10 facts about PTSD to help spread awareness
Although commonly associated with military veterans or active-duty service members, PTSD is a disorder that affects a wide range of people and can be triggered by a variety of traumatic events.
According to the National Institute of Mental Health, events that may lead to PTSD include violent personal assaults, natural or human-caused disasters, accidents, combat, and various forms of other violence. While approximately 50 percent of U.S. adults may experience a traumatic incident in their lives, that does not automatically mean they may have PTSD.
- People with PTSD may rehash and still be frightened by these past events, fight against sleeplessness, be dehydrated and/or numb, feel nauseous, and can easily be startled. They can also experience uncontrollable shaking, chills or heart palpitations, and headaches,
- Approximately seven or eight of every 100 people will have PTSD at some point in their lives.
- Women are more likely to experience PTSD—approximately 10 out of every 100 women compared to four out of 100 men.
- About half of people with PTSD may recover in three months without treatment. However, there is the possibility that symptoms will not go away on their own and may last longer than three months.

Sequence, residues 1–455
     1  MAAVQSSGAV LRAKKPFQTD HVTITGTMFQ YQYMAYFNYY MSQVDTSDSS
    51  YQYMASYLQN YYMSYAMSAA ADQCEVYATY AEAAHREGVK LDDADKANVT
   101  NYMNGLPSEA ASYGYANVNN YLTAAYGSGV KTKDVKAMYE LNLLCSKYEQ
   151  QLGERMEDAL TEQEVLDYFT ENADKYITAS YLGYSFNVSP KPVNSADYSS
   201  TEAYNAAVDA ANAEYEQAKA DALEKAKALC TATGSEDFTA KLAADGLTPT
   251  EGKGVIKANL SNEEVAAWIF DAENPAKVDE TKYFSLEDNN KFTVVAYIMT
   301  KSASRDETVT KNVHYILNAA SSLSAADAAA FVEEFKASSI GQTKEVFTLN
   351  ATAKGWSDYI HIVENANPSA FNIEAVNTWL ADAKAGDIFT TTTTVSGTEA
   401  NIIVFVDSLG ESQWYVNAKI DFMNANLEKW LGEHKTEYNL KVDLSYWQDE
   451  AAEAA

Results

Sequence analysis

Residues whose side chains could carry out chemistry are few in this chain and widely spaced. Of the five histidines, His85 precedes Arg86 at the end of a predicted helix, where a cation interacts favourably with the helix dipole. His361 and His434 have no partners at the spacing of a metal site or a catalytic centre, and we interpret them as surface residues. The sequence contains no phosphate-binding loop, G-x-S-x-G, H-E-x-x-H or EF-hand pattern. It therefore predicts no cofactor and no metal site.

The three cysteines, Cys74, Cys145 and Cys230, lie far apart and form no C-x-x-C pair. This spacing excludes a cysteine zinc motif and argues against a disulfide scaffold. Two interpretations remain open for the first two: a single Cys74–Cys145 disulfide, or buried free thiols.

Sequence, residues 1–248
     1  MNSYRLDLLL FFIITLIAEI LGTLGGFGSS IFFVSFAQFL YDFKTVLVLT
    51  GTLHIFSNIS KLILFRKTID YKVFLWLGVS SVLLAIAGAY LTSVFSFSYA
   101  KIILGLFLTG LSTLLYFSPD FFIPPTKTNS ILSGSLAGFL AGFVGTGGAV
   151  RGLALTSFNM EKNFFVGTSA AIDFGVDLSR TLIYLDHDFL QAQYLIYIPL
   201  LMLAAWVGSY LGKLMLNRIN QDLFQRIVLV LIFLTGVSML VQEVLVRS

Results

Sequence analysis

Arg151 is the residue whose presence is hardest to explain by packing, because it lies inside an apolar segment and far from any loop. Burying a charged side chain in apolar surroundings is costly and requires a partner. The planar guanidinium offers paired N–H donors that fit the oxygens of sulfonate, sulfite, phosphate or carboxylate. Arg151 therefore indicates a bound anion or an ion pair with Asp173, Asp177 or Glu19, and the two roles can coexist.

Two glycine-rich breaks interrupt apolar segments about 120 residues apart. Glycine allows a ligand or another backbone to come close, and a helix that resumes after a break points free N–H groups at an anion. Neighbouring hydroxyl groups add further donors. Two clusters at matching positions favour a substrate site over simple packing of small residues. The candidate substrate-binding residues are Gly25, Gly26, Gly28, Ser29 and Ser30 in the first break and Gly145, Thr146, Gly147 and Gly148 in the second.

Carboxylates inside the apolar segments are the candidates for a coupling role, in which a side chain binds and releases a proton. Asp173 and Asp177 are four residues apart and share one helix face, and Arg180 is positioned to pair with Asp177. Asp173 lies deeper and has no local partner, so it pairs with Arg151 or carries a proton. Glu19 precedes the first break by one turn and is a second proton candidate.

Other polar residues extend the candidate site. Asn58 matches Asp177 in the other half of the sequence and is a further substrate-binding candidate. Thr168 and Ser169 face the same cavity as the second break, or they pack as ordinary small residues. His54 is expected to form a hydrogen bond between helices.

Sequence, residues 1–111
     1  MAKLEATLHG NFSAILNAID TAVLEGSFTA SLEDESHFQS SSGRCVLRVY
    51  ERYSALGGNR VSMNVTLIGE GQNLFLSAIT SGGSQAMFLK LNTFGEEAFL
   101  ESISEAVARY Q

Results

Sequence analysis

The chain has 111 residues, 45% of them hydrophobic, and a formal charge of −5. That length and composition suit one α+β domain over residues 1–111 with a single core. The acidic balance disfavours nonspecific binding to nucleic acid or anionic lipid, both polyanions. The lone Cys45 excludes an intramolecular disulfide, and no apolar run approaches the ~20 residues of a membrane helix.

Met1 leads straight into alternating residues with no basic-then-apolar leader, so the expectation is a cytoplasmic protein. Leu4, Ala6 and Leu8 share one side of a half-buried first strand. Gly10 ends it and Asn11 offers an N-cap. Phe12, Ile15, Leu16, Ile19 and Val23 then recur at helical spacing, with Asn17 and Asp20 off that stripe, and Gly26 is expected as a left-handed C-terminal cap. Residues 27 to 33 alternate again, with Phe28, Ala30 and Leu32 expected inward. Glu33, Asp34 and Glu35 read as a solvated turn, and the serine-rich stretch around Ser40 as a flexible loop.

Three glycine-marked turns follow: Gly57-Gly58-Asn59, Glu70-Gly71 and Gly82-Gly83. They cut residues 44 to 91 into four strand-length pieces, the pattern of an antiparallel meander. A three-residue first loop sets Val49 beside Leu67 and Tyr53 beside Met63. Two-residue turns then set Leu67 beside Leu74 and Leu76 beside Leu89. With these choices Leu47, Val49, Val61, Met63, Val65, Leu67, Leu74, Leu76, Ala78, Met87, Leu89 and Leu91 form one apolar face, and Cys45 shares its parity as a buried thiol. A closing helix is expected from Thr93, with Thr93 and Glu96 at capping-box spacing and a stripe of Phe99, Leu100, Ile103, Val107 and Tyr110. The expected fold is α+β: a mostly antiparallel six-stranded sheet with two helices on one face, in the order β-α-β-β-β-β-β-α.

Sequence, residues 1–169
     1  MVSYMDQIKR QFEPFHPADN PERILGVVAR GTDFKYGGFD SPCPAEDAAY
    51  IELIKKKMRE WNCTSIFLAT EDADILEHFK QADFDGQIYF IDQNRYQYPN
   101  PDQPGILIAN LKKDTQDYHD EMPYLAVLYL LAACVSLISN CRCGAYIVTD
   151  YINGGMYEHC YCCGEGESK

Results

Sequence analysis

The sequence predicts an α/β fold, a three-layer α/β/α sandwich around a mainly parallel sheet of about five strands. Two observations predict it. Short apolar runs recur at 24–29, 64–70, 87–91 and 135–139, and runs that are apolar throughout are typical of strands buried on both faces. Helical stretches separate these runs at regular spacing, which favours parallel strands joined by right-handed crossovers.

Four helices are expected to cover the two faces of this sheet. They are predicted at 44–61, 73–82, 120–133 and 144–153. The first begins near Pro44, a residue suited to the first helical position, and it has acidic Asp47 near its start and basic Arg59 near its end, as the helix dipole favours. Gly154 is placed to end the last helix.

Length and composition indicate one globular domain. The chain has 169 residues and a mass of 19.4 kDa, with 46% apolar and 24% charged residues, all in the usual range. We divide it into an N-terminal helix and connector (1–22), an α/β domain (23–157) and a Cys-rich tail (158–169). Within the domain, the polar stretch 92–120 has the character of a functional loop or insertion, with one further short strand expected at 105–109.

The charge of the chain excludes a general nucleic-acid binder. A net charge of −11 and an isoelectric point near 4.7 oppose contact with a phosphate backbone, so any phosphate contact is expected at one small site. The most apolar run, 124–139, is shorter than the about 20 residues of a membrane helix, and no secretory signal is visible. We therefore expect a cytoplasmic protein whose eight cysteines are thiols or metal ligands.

- Children may be diagnosed with PTSD if long-term symptoms last more than one month. (The National Child Traumatic Stress Network provides a guide to distinguish the difference between attention-deficit hyperactivity disorder [ADHD] and PTSD, which often have the same symptoms of restlessness, being fidgety, inability to pay attention, and becoming disorganized.)
- PTSD that lasts for longer periods may be due to the cause of the number of times that a traumatic incident happened, the severity of the event, fatality risk, a history of past trauma, mental health problems before the current incident occurred, and direct exposure to the traumatic event.
- People with severe forms of PTSD may experience challenges at work, at home, and/or in social settings.
- Parents of children with PTSD should encourage their children to express their feelings and thoughts without judgment.
- While it may be difficult to interact with someone with PTSD, know that this person is having just as tough a time if not more. The nervous system of someone with PTSD is especially vulnerable, which may lead to behavior or feelings such as being overly alert, angry, irritable, depressed, or untrusting. A supportive social circle may be the best answer to calming him or her down.
- Face-to-face support may be better than love from afar for someone with PTSD, according to trauma experts. This can come in the form of participating in pleasurable hobbies, rhythmic exercises or dancing, and/or lunch dates.
These statistics were compiled from Centers for Disease Control and Prevention (Coping Handout), Centers for Disease Control and Prevention (PTSD), Help Guide, National Institute of Mental Health, The National Child Traumatic Stress Network, U.S. Department of Veterans Affairs (Awareness Month), and U.S. Department of Veterans Affairs (PTSD).
Shamontiel L. Vaughn
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